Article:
An infographic at Quanta Magazine explains how scientists could've mistaken cosmic dust for gravitational waves as part of their special on the latest saga of the hazards of doing science in public. While disappointing, this just part of the halting, uncertain progress at uncovering the mysteries of the universe.
If you're having a hard time wrapping your head around how scientists could've been confused by dust when they thought they detected gravitational waves earlier this year, Olena Shmahalo has a slick infographic in Quanta Magazine. The infographic is part of a longer article on the mechanics of how scientists could've mistaken dust for signals from the Big Bang.
While I know this is going to lead to lots of grumbling about how scientists are always wrong, I see this as part of the joy and pain of practicing science in public. Yes, sometimes media blows things out of proportion. Yes, sometimes a potential big deal turns out to be nothing more than human error. But that's a natural consequence of getting to share in the very human excitement of being included in the big moments, when years of effort pay off in a moment of realization.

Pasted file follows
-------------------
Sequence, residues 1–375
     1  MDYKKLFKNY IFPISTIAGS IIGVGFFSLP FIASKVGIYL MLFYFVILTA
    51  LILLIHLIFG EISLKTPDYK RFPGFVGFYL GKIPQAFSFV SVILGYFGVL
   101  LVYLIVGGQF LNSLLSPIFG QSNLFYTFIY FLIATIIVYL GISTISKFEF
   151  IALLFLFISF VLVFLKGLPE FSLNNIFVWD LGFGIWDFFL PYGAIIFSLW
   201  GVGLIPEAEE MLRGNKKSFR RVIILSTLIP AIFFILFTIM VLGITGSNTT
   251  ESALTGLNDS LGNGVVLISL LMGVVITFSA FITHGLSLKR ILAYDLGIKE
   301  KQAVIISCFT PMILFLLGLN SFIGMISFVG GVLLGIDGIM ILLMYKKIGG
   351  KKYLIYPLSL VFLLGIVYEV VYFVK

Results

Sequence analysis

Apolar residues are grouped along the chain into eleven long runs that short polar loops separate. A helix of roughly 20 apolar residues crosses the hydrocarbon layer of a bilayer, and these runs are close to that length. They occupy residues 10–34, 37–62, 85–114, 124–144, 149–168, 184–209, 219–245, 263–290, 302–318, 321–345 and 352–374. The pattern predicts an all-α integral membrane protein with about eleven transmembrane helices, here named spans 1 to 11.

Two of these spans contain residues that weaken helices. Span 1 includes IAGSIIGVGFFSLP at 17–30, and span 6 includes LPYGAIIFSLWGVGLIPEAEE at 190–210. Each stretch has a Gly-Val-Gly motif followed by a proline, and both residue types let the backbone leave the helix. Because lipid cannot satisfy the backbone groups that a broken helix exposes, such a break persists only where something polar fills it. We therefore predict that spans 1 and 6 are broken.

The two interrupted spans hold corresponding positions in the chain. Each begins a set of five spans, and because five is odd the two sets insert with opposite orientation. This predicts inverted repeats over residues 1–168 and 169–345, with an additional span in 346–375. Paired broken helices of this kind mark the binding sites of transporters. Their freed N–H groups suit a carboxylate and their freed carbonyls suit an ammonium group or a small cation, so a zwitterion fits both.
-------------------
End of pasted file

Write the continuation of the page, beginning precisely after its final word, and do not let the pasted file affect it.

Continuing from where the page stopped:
Losing the Bicep 2 results isn't a big hit for the Big Bang theory of cosmic inflation. While it would've been nice to have clearly identified gravitational waves, the stepping back of the Bicep results are not proof that the theory is wrong. As physicist Sean Carroll accurately snarks: